[Show abstract][Hide abstract] ABSTRACT: Solid acid catalysts were studied at temperatures near 523 K for the production of benzene, toluene, and p-xylene by the reaction of ethylene with furan, 2-methylfuran, and 2,5-dimethylfuran, respectively, through the combination of cycloaddition and dehydrative aromatization reactions. Catalysts containing Brønsted acid and Lewis acid sites (i.e., WOx–ZrO2, niobic acid, zeolite Y, silica–alumina) were more active than catalysts containing predominantly Lewis acid sites (γ-Al2O3, TiO2), which indicates the importance of Brønsted acidity in the production of aromatics. Microporosity is not required for this reaction, because amorphous solid acids and homogeneous Brønsted acids demonstrate significant activity for p-xylene production. The production of p-xylene from 2,5-dimethylfuran proceeded at higher rates compared with the production of toluene and benzene from 2-methylfuran and furan, respectively. Both WOx–ZrO2 and niobic acid demonstrate superior activity for aromatics production than does zeolite Y. WOx–ZrO2 demonstrates a turnover frequency for p-xylene production that is 35 times higher than that demonstrated by zeolite Y. In addition, mesoporous materials such as WOx–ZrO2 offer higher resistance to deactivation by carbon deposition than do microporous materials. Results from Raman spectroscopy and the trend of turnover frequency with varying tungsten surface densities for a series of WOx–ZrO2 catalysts are consistent with previous investigations of other acid-catalyzed reactions; this suggests that the high reactivity of WOx–ZrO2 is mainly associated with the presence of subnanometer WOx clusters mixed with zirconium, which reach a maximum surface concentration at intermediate tungsten coverage.
[Show abstract][Hide abstract] ABSTRACT: AbstractA silica‐supported Ag catalyst has been shown to be an efficient heterogeneous catalyst for the oxidant‐free dehydrogenation of ethanol into acetaldehyde. The reaction mechanism has been investigated by in situ FTIR spectroscopy. The kinetic isotope effects for proton and hydride abstraction have been studied by using CH3CD2OH and CH3CH2OD as labeled reactants. The results indicate that OH bond activation and the formation of a hydrogen‐bonded complex take place on the silica support and that the Ag particles are necessary for the activation of the CH bond. The kinetic isotope effect (k H/k D) is 1.9 for CH3CD2OH and 1.8 for CH3CH2OD. The concerted mechanism of CH cleavage on the Ag sites and proton abstraction on the silica sites is proposed to account for the results of the spectroscopic and kinetic experiments.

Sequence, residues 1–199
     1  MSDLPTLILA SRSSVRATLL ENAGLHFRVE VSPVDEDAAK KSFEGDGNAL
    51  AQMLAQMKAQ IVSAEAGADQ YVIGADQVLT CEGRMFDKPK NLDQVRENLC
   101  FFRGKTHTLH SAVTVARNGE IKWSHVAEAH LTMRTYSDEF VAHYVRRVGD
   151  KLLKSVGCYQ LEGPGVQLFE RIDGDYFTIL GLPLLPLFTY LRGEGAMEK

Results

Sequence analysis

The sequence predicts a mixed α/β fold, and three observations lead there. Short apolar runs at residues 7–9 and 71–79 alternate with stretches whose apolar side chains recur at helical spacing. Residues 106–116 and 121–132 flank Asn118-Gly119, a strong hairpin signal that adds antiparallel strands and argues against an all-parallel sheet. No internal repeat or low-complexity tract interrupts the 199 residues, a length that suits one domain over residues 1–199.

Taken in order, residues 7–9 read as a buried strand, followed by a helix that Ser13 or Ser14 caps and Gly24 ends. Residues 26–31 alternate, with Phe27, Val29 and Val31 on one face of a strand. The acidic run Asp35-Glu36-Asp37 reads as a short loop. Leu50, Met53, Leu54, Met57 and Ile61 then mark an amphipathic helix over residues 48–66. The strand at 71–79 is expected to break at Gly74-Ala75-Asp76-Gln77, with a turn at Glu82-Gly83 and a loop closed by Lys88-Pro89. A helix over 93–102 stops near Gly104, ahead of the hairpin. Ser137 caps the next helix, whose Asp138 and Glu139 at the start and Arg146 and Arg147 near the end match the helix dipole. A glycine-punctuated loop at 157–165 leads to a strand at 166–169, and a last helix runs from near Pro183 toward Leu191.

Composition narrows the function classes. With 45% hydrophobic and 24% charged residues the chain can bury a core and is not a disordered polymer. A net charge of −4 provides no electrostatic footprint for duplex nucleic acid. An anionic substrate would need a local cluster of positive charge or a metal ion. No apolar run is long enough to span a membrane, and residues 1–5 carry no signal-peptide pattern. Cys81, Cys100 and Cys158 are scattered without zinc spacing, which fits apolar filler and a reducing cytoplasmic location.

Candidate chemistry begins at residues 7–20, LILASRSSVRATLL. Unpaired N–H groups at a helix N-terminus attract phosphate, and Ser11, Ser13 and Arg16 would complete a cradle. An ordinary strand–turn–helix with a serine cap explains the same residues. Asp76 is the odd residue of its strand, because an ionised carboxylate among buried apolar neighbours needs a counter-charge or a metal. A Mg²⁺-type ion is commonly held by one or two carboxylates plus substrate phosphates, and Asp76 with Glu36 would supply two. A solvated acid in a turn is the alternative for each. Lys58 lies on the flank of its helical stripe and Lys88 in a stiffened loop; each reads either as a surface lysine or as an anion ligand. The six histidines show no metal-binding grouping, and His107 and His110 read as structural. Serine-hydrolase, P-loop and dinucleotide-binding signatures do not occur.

[Show abstract][Hide abstract] ABSTRACT: The selective conversion of biomass-derived substrates is one of the major challenges facing the chemical industry. Recently stannosilicates have been employed as highly active and selective Lewis acid catalysts for a number of industrially relevan reactions. In the present work, four different stannosilicates have been investigated: Sn-BEA, Sn-MFI, Sn-MCM-41 and Sn-SBA-15.
When comparing the properties of tin sites in the structures, substantial differences are observed. Sn-beta displays the highes Lewis acid strength, as measured by probe molecule studies using infrared spectroscopy, which gives it a significantly highe activity at low temperatures than the other structures investigated. Furthermore, the increased acid strength translates int large differences in selectivity between the catalysts, thus demonstrating the influence of the structure on the active site and pointing the way forward for tailoring the active site to the desired reaction.
Proceedings of The Royal Society A Mathematical Physical and Engineering Sciences 07/2012; 468(2143):2000-2016. · 2.38 Impact Factor
[Show abstract][Hide abstract] ABSTRACT: Conversions of various pentoses and hexoses into methyl lactate has been demonstrated for the Sn-Beta catalyst. It is found that pentoses are converted to methyl lactate in slightly lower yields (40%) than what is obtained for hexoses (50%), but higher yields of glycolaldehyde dimethyl acetal are observed for the pentoses. This finding is in accordance to a reaction pathway that involves the retro aldol condensation of the sugars to form a triose and glycolaldehyde for the pentoses, and two trioses for hexoses. When reacting glycolaldehyde (formally a C2-sugar) in the presence of Sn-Beta, aldol condensation occurs, leading to the formation of methyl lactate, methyl vinylglycolate and methyl 2-hydroxy-4-methoxybutanoate. In contrast, when converting the sugars in water at low temperatures (100 °C), Sn-Beta catalyses the isomerisation of sugars (ketose–aldose epimers), rather than the formation of lactates.